UPDATE: CNN has updated their reporting. The "FBI official" is now reported to be a "former FBI lawyer," so I've changed the body of the blog. See bottom for additional UPDATES.
Further, we learn:
During one of interviews this year, [OIG] confronted the witness about the document. The witness admitted to the change, the sources said.
The lawyer, who was a line attorney, is no longer working at the bureau, said a person familiar with the matter. A line attorney is a lower level lawyer within the FBI.
No charges that could reflect the situation have been filed publicly in court.
But Durham is on the case. The fact that this was a "lower level lawyer" strengthens my belief that this is probably a misrepresentation rather than a physical alteration. Nevertheless, since the FISA in question concerned unquestionably the most consequential case in Bureau history, I refuse to believe that a "lower level lawyer" just did this on their own account--whether it was a misrepresentation or a physical alteration. Durham must be pushing to find out who's behind this. Also, while this lawyer is no longer working at the Bureau, the fact that he/she was interviewed by OIG makes it a near certainty that he/she was still employed when the interview took place.
Now begins the original blog:
It's difficult, well, not possible, to be sure what's being said in this CNN story: FBI official under investigation after allegedly altering document in 2016 Russia probe. On the face of it, it seems clear enough, but as soon as you start asking questions it becomes more elusive.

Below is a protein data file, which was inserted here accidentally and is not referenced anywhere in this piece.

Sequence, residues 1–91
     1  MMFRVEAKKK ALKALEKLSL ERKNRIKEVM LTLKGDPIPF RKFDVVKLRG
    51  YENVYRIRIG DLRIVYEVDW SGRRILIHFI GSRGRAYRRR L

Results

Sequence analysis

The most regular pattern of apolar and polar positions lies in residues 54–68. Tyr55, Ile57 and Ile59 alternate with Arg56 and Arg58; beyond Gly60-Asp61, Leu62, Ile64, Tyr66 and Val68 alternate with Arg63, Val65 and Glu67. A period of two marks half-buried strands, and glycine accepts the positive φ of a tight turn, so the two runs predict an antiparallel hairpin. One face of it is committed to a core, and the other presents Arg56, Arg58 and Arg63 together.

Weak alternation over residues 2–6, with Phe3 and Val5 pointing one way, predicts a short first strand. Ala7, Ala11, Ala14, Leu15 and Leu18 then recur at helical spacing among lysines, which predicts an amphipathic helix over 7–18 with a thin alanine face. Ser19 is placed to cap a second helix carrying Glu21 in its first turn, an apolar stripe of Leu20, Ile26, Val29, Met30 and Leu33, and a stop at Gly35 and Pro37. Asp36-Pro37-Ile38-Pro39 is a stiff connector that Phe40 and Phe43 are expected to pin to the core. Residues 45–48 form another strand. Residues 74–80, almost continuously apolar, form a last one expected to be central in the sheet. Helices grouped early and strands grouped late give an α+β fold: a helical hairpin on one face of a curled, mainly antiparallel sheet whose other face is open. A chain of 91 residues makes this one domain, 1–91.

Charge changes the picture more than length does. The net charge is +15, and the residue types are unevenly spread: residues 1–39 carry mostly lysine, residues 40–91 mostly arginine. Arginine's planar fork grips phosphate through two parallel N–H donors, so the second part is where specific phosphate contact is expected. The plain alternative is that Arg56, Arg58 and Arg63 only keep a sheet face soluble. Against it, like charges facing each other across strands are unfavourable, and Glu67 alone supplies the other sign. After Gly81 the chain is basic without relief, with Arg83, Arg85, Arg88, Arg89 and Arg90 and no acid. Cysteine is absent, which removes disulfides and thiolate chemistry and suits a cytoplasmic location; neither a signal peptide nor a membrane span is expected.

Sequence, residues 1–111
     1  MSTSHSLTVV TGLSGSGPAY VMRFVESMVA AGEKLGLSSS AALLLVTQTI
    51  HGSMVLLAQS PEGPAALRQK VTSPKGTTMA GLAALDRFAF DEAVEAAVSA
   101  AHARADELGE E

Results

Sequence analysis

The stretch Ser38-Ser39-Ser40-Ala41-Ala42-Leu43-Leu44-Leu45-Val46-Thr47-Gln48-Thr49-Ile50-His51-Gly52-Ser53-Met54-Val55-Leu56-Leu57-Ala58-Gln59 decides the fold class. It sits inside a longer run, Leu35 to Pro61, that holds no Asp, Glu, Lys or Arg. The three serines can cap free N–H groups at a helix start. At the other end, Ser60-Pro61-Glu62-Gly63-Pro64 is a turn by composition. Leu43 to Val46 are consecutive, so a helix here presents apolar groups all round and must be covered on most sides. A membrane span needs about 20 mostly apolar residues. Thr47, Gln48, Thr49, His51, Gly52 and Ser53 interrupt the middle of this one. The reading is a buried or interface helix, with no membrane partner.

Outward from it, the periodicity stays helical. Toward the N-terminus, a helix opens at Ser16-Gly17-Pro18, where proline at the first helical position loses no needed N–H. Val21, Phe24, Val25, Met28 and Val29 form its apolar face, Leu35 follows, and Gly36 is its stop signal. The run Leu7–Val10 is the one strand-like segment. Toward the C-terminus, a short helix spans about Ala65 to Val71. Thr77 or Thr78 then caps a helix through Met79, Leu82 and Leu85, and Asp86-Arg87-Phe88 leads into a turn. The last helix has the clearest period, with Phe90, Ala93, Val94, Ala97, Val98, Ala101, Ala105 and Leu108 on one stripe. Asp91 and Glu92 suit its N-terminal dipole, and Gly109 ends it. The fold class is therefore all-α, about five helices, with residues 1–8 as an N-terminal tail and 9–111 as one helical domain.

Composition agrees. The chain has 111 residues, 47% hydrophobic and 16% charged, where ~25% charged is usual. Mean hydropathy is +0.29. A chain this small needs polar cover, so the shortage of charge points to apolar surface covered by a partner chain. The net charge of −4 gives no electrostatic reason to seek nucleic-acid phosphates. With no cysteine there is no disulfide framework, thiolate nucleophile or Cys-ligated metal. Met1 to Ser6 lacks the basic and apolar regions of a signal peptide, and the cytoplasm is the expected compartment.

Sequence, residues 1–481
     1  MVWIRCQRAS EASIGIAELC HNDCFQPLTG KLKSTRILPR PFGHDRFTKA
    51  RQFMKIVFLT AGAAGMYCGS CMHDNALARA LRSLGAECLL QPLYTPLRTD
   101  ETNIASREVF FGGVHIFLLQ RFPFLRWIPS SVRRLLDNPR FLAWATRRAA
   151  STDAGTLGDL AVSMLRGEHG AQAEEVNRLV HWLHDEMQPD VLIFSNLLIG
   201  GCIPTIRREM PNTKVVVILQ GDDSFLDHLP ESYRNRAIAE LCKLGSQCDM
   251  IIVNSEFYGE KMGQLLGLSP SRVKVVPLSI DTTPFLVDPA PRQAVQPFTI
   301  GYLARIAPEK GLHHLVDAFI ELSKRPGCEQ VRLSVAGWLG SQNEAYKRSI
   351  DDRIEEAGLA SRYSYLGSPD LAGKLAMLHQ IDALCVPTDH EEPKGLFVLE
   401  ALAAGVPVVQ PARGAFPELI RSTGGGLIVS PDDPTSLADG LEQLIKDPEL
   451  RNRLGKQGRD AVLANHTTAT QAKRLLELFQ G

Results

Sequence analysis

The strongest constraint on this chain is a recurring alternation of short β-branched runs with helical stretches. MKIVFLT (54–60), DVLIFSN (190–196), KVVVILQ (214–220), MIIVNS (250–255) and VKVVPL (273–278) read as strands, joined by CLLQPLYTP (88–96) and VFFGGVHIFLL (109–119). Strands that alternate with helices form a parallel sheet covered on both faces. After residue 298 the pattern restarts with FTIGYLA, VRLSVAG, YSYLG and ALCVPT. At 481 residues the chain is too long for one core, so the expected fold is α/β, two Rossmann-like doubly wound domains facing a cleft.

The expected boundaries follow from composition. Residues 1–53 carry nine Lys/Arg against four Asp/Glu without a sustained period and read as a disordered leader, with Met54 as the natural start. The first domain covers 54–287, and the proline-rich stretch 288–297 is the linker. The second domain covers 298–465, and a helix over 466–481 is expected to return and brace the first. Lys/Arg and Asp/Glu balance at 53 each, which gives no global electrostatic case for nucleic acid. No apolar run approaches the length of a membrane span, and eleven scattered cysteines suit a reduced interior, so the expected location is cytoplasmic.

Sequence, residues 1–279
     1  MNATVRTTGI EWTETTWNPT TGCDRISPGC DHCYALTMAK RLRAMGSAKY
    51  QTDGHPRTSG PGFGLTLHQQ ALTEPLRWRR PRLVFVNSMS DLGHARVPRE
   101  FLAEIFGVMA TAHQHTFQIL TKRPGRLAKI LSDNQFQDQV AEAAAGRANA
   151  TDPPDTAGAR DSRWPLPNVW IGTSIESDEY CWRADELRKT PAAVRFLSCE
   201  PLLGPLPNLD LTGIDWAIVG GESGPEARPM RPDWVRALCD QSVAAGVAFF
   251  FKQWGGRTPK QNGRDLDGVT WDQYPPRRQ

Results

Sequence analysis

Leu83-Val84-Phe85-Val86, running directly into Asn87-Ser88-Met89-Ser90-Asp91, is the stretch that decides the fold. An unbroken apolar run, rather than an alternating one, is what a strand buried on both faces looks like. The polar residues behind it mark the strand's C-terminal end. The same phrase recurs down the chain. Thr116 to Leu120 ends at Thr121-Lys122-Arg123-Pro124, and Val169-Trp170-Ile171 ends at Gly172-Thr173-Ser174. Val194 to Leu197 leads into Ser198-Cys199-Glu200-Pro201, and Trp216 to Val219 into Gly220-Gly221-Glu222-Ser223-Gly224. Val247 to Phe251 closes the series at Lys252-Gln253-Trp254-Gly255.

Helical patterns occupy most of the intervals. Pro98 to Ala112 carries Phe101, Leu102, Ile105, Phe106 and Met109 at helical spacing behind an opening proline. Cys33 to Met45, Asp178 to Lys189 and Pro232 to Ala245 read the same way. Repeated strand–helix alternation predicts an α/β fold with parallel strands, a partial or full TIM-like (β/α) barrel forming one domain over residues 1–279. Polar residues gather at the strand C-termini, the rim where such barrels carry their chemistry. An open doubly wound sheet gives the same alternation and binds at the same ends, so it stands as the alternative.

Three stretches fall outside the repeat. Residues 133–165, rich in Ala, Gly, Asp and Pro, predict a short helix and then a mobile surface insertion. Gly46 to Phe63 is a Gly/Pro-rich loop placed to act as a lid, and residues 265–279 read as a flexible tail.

Here are the main factual statements:
A former FBI lawyer is under criminal investigation after allegedly altering a document related to 2016 surveillance of a Trump campaign adviser, several people briefed on the matter told CNN.
It's unknown how significant a role the altered document played in the FBI's investigation of Page and whether the FISA warrant would have been approved without the document. The alterations were significant enough to have shifted the document's meaning and came up during a part of Horowitz's FISA review where details were classified, according to the sources.
There are multiple ways to explain this, so I'll try to keep this simple.
The first question I have is, Does this really mean a physical alteration of a case file document--or does it mean that the document was misrepresented or misquoted in the Carter Page FISA application? FISA applications reference or quote case documents, but they don't provide those documents to the FISC (FISA court) as attachments. The second paragraph seems to say that the meaning attributed to the document as presented to the FISC involved a "significant shift in meaning".
When I was still working the FBI's electronic case file (ECF) system was not yet operational. One assumes that the ECF, in whatever form it has taken, would incorporate all sorts of safeguards to prevent actual physical alteration of documents that have been entered into the system. At a minimum, to override such presumed safeguards should--again, presumably--require high level authorizations that would be be documented in the file system. If this were not the case, would it not have been impossible for Horowitz to have discovered the discrepancy? The safest working hypothesis would seem to be misrepresentation rather than physical alteration--but that must remain a hypothesis.
Now, here's the other aspect. FISA applications go through a process of vetting called "Woods procedures". This is the procedure by which FISA applications are said to be "verified."